The looming battle between old economy (Microsoft) and new economy (Google)

Google and Microsoft are duking it out for developers' hearts and minds. But is Amazon the wild card?

For those who have spent years wringing their hands over Microsoft's desktop dominance, have no fear: competition is on its way. It's called Google, and it promises to dramatically shake up the computing market by shifting the battle to the Internet, as an article in The New York Times insightfully states.

We should have seen this coming. The cause of Microsoft's weakness is its overreliance on its strengths, a classic "innovator's dilemma." In other words, Microsoft's fetish for the desktop metaphor threatens to leave it with dominance of yesterday's kingdom just as the world has moved on to a new one.

The growing confrontation between Google and Microsoft promises to be an epic business battle. It is likely to shape the prosperity and progress of both companies, and also inform how consumers and corporations work, shop, communicate, and go about their digital lives. Google sees all of this happening on remote servers in faraway data centers, accessible over the Web by an array of wired and wireless devices - a setup known as cloud computing. Microsoft sees a Web future as well, but one whose center of gravity remains firmly tethered to its desktop PC software. Therein lies the conflict.

Both companies believe that the desktop is important, but how important is critical. For Google, 90 percent can be done "in the cloud." For Microsoft? Well, let's just say it has a financial interest in ensuring that number is much, much lower.

What's interesting is that this battle is forever changing (and raising) the barriers to entry. If it's a battle of the "cloud-based computers" then, as Nick Carr notes, it will be harder and harder for new entrants to compete. According to Yahoo, there are only five "computers" or competitors left: Microsoft, Google, Yahoo, IBM, and Amazon.com.

This last one is particularly important because it enables a potential army of new startups, each building on the Amazon cloud, as Dave Winer writes:

Today, when a company raises VC, it's probably because their app has achieved a certain amount of success and to get to the next level of users they need to spend serious money on infrastruture. There's a serious economic and human wall here. You need to buy hardware and find the people who know how to make a database scale. The latter is the hard problem, the people are scarce and the big companies are bidding up the price for their time. Now Amazon is willing to sell you that, to turn this scarce thing into a commodity, at what likely is a very reasonable price. (Haven't had time to analyze this yet, but the other services are.) Key point, the wall is gone, replaced with a ramp. If you coded your database in Amazon to begin with you will never see the wall. As you need more capacity you have to do nothing, other than pay your bill.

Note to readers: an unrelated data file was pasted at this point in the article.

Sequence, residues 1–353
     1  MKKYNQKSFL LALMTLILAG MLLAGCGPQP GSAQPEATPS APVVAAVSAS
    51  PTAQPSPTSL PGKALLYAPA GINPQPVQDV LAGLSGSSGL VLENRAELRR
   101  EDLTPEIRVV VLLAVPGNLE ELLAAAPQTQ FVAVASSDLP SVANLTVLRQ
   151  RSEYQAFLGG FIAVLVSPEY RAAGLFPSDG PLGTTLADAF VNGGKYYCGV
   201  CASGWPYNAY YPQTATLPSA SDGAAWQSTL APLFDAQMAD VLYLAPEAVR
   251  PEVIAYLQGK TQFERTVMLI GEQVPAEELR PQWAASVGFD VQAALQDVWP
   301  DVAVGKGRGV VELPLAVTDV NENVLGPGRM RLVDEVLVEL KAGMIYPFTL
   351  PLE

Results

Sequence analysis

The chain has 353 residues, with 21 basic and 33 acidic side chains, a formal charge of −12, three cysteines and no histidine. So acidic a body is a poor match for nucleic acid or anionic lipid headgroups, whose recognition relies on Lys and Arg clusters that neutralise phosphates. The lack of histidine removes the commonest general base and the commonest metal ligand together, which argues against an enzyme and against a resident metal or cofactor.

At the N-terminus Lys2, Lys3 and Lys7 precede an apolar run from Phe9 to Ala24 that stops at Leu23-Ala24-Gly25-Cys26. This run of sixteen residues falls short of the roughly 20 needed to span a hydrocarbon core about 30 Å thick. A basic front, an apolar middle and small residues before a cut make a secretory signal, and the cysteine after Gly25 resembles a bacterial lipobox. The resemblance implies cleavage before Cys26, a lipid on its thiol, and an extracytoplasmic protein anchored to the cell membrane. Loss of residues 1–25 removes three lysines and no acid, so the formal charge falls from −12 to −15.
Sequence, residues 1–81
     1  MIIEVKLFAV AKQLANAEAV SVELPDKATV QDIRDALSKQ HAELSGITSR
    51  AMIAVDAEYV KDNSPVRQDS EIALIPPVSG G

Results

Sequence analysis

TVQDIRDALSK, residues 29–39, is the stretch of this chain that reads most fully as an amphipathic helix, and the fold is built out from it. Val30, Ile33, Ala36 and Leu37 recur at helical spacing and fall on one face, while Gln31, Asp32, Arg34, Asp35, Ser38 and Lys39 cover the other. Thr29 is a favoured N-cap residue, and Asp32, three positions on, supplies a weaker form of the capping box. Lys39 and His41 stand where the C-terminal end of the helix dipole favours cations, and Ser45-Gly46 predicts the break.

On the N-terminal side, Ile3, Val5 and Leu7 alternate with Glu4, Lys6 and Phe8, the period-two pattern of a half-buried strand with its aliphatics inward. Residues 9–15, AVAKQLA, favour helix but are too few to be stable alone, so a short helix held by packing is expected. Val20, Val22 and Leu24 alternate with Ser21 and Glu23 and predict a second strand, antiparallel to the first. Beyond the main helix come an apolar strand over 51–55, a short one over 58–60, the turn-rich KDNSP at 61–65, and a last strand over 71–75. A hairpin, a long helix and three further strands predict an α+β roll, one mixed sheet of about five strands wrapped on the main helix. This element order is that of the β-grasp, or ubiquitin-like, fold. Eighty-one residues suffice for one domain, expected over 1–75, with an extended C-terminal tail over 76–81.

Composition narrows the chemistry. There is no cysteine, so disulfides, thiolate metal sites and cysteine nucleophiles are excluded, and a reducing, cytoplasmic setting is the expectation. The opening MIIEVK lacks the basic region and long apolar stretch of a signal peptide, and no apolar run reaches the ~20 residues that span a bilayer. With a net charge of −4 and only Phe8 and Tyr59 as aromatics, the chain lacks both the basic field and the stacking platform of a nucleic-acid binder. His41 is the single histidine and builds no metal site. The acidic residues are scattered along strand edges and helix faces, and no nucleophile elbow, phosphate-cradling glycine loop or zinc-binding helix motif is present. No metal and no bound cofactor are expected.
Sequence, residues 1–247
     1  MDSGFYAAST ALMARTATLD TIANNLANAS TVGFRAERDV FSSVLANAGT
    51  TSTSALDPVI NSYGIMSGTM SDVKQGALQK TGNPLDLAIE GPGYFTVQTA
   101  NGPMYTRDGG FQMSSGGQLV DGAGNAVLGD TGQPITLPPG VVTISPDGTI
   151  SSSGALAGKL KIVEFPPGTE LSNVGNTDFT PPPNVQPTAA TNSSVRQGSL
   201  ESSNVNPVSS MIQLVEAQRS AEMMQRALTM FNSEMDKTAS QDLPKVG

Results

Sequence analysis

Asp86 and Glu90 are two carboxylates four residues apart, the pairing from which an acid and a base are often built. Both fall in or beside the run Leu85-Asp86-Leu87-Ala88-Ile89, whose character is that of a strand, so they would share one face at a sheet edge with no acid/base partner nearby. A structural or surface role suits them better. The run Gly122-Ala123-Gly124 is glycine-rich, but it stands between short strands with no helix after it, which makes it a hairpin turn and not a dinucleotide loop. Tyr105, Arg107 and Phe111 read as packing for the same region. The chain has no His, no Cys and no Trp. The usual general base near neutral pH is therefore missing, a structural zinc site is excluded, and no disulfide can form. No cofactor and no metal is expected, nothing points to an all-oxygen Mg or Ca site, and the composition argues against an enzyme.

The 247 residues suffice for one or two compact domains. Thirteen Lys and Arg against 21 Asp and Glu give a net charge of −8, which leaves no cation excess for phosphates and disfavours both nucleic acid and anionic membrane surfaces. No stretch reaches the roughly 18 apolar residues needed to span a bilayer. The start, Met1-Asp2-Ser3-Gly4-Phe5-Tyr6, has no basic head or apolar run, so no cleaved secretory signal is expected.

In sum, the walls are falling even as they rise. Google and Microsoft will be locked in a death match over the fate of the desktop. Perhaps this will leave them exposed to new entrants building on top of Amazon?

We'll see...

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About the author

    Matt Asay is chief operating officer at Canonical, the company behind the Ubuntu Linux operating system. Prior to Canonical, Matt was general manager of the Americas division and vice president of business development at Alfresco, an open-source applications company. Matt brings a decade of in-the-trenches open-source business and legal experience to The Open Road, with an emphasis on emerging open-source business strategies and opportunities. He is a member of the CNET Blog Network and is not an employee of CNET. You can follow Matt on Twitter @mjasay.

     

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